Why are the movie theatres across Tamil Nadu shut? Is the entertainment tax not part of the Goods and Services Tax (GST) and therefore, rates specified? Why are the theatre owners then complaining of double taxation?
Some of the answers can be found in the GST council’s decisions. While the entertainment tax is part of the GST with two specific rates – 18 and 28 per cent – there is a provision which says “local bodies are free to levy their charges and there is no cap on the quantum of additional levy,” says Pratik Jain, partner and leader, PwC.
According to a BloombergQuint report, the average tax incidence on movie tickets across the country was 20 per cent before 1 July. It ranged from 20 percent in Madhya Pradesh to as high as 60 percent in Uttar Pradesh.
With the GST council fixing two rates – 18 percent for tickets priced below Rs 100 and 28 percent for tickets priced higher – there was cheer all around, expecting a fall in the prices of cinema tickets. However, with the introduction of additional levy by the local bodies, the cheer has proved to be short-lived.
The theatre owners in Tamil Nadu are so upset that they have gone on an indefinite strike. They are protesting against the imposition of 30 percent entertainment tax in addition to 28 percent GST.
Not just movie tickets, there is a likelihood of television-viewing becoming expensive. According to reports, the TV services that are likely to be charged are cable and direct to home (DTH).
In the pre-GST regime, DTH and cable services used to attract a combined tax burden of nearly 25 to 45 percent. Under the GST regime, the TV cable and DTH services will be taxed at 18 percent – significantly lower.
So naturally, there was hope that TV viewing would be economical in the GST regime. However, this is unlikely to be the case if local bodies start imposing an additional levy as they have on movie theatres. Reports indicate that this is the case.
While states like Maharashtra, Madhya Pradesh, Gujarat, Rajasthan and Tamil Nadu have already indicated the imposition of additional entertainment levy by local bodies (panchayats, district councils, municipalities and municipal corporations), other states are likely to follow suit.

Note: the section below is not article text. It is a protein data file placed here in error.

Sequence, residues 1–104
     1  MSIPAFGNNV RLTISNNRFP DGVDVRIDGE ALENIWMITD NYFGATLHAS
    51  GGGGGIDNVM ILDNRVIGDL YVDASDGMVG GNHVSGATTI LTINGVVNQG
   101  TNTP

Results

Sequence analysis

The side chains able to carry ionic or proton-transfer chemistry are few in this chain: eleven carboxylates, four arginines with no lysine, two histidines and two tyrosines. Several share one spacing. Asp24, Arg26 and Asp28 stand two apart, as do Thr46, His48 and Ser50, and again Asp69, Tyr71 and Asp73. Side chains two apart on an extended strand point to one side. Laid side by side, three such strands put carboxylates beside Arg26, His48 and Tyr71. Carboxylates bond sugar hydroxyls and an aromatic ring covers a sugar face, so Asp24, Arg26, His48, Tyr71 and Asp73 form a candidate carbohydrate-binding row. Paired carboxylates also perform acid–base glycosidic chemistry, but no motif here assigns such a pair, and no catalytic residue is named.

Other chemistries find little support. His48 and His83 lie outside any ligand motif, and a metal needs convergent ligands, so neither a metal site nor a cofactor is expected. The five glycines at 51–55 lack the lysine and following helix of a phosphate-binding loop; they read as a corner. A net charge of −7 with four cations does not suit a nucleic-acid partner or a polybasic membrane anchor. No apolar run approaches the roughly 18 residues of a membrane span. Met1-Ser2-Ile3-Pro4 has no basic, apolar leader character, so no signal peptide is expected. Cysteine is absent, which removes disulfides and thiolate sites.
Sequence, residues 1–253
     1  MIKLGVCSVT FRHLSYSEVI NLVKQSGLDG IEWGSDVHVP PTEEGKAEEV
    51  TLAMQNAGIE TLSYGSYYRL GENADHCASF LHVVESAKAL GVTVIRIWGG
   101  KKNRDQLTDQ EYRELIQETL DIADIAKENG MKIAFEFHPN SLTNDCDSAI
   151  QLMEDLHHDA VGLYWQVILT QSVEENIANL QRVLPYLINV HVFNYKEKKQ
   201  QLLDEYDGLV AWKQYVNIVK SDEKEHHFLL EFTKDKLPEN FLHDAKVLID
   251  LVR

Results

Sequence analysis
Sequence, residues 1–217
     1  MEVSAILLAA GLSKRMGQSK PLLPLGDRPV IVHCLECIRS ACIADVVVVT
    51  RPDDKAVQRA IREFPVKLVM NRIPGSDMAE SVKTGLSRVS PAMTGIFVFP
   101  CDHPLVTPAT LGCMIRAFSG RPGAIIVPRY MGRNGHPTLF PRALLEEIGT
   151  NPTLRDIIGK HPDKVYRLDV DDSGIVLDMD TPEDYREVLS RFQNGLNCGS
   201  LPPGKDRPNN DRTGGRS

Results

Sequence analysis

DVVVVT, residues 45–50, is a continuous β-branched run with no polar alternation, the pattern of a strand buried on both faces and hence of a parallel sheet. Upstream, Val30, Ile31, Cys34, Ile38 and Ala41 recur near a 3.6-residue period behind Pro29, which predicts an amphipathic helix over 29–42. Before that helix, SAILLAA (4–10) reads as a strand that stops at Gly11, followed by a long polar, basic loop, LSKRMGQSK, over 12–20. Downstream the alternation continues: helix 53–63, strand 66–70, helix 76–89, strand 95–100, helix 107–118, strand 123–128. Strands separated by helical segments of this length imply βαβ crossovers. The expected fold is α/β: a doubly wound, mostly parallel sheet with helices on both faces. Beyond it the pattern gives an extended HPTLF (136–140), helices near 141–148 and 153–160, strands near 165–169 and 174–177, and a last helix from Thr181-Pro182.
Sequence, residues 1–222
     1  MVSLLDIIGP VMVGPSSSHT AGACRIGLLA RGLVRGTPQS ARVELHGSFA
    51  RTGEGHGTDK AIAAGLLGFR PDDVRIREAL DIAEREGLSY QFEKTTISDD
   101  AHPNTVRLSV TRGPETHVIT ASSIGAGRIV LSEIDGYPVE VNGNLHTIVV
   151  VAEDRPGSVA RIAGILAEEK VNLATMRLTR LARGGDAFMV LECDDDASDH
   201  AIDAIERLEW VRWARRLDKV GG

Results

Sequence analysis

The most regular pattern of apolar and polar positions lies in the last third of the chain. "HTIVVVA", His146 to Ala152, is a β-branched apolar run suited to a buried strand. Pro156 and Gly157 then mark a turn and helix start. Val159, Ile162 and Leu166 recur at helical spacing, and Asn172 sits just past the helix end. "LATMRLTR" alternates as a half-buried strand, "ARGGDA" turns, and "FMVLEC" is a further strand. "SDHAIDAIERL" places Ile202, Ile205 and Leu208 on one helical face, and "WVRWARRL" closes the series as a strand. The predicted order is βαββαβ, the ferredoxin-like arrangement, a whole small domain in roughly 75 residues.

Experts are of the view that apprehending shortfall in revenue, states are likely to use local bodies to garner additional resources.
Since many taxes levied by the local bodies have been kept out of the purview of the GST, states are likely to use this route frequently and for more services.
What this means is additional accounting problems. You pay one set of entertainment taxes under the GST and another to the local bodies. There is bound to be confusion
Manish Mishra, Partner (indirect tax), BDO India LLP.
As it is, there are a range of indirect taxes which will continue despite the arrival of the much touted ‘one tax, one nation’ regime. While under construction properties come under the purview of the GST, completed properties will be outside its purview since stamp duty is not part of the GST. Similarly, states will continue to charge electricity cess and property tax will have to be deposited with the local bodies.
What is more, while commercial vehicles are not required to pay octroi anymore at state borders, they will continue to pay entry tax if a vehicle enters the boundary of a municipal body.
In other words, your Uber or Ola ride from, let us say, Delhi to Noida will continue to attract additional charge of nearly Rs 100 because of the transition from one municipal body to another.
Some of the other taxes that will continue despite the onset of the GST regime are road tax, toll tax and additional excise duty on tobacco products whenever they are imposed.